section6.1Constituent Quarks193
section6.2Baryon Magnetic Moments193
subsection6.2.1 Decay to , Magnetic Dipole Transition197
subsection6.2.2 Decay to 198
section6.3Meson and Baryon Masses200
subsection6.3.1Meson Masses203
subsection6.3.2Baryon Masses204
subsection6.3.3Meson Isospin Violating Mass Splittings205
subsection6.3.4Baryon Isospin Violating Mass Splittings207
subsection6.3.5Decays of the Meson209
section6.4Photon Coupling to the Vector Mesons211
subsection6.4.1Vector Meson Dominance212
subsection6.4.2 Dominance in the Channel with 214
subsection6.4.3 Mixing217
section6.5Radiative Transitions between Pseudoscalar andVectorMesons220
section6.6Pseudoscalar Meson Decays to Two Photons224
subsection6.6.1Vector Meson Dominance and Radiative Decays225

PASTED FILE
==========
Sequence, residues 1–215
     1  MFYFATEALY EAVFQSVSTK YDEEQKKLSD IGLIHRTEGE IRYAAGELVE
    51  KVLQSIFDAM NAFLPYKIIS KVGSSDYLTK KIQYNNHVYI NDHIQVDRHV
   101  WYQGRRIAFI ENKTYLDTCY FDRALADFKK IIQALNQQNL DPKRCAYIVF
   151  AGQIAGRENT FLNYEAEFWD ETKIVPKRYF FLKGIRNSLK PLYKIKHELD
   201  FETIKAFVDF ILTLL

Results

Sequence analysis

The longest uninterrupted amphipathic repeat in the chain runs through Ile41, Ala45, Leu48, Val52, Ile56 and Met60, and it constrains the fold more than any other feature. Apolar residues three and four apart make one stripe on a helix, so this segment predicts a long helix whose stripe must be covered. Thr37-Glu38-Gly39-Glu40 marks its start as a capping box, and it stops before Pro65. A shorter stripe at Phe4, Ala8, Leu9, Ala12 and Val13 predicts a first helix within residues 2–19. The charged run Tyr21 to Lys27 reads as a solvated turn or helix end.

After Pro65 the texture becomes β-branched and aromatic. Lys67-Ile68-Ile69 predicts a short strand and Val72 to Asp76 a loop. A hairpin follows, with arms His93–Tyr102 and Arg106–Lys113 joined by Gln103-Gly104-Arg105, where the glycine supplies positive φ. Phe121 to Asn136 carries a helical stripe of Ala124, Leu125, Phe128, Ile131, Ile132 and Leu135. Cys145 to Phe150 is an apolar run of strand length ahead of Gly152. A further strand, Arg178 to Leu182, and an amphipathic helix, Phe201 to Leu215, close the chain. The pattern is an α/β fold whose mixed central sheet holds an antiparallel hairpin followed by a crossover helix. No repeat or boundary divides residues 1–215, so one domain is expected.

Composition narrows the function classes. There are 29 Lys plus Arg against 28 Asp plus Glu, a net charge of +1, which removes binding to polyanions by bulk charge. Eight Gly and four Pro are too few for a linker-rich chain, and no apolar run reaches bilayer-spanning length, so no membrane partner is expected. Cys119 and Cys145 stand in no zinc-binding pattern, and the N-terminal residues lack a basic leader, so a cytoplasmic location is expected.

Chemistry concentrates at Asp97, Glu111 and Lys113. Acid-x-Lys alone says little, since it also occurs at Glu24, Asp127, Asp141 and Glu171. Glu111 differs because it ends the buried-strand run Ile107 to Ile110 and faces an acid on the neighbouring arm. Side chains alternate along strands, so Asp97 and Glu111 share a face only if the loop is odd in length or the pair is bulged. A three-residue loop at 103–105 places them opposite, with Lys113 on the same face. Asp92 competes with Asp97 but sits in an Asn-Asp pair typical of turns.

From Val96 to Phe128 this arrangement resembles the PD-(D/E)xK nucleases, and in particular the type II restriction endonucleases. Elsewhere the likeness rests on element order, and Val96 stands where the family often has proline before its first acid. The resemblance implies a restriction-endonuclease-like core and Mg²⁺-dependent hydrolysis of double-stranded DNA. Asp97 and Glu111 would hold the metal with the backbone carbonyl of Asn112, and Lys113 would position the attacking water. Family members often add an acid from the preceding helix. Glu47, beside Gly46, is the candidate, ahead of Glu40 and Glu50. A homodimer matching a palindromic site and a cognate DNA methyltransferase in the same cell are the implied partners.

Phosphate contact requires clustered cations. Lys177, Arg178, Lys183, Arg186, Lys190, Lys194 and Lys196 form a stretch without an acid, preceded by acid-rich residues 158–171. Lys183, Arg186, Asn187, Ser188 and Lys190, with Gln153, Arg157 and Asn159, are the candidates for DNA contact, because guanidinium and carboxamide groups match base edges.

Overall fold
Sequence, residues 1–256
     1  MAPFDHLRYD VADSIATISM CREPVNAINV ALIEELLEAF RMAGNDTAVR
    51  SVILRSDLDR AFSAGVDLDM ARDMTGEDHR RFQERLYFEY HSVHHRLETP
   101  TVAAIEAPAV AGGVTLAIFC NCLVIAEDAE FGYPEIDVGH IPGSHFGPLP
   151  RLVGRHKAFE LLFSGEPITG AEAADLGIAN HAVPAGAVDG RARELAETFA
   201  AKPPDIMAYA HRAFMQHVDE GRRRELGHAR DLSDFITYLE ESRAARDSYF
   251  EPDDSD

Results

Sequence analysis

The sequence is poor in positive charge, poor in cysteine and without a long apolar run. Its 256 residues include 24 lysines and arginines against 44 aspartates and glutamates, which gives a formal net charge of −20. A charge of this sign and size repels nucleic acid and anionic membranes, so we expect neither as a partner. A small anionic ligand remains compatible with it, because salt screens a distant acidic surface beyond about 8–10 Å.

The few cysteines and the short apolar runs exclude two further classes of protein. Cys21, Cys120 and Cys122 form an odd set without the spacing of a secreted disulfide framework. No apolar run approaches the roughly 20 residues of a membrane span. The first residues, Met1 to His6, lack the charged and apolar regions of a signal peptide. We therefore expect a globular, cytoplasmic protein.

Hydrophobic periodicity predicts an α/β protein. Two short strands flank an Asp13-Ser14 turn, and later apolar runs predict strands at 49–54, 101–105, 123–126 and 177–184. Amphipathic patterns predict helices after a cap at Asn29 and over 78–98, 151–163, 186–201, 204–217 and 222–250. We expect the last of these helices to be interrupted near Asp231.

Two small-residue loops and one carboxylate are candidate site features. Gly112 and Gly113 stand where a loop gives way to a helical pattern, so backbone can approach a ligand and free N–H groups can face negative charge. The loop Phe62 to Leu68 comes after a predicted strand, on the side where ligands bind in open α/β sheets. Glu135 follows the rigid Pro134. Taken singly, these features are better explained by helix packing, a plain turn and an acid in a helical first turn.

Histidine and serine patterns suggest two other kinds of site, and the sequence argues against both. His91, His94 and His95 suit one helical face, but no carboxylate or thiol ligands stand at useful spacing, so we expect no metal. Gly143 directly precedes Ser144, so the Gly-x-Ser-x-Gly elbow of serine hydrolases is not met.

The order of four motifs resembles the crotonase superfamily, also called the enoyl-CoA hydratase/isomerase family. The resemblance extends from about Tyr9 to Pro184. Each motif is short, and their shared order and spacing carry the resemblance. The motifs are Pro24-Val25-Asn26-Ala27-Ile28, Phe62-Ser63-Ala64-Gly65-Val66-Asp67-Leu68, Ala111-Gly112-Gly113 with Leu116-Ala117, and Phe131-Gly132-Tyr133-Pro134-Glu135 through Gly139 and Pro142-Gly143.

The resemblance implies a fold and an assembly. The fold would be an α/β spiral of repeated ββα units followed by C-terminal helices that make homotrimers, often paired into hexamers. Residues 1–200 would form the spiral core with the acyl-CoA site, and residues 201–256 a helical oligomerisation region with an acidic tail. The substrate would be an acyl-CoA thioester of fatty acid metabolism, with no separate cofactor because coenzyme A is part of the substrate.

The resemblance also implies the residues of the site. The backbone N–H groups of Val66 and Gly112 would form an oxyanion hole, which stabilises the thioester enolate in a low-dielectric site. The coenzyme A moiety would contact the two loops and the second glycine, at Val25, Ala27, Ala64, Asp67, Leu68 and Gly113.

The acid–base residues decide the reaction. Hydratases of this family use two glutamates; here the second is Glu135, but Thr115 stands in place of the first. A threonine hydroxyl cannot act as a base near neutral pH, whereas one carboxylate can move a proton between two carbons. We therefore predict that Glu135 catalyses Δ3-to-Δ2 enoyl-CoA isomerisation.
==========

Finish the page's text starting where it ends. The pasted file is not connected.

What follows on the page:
chapter7The Full Color Gauge Theory231
section7.1Local Gauge Symmetry231
section7.2Paradox of No Scales234
subsection7.2.1The Running Coupling Constant in Electrodynamics234
subsection7.2.2Expression for in Electrodynamics236
subsection7.2.3Running Coupling Constant for QCD238
section7.3Approximate Chiral Symmetry of the Strong Interactions240
subsection7.3.1Goldberger--Treiman Relation241
section7.4Spontaneously Broken Symmetry244
subsection7.4.1The Role of the Vacuum245
section7.5Quark Masses in the Lagrangian246
section7.6Other Issues247
chapter8Weak Interactions of Fermions253
section8.1Weak Gauge Group253
section8.2Muon Decay258
section8.3Decays of the Tau Lepton262
section8.4Charged Weak Currents for Quarks267
subsection8.4.1Cabibbo--Kobayashi--Maskawa Matrix269
subsection8.4.2CP Violation272
section8.5Charged Pion Decay274
subsection8.5.1Conserved Vector Current277
subsection8.5.2Charge Operators278
subsection8.5.3Rate for Semileptonic Decay280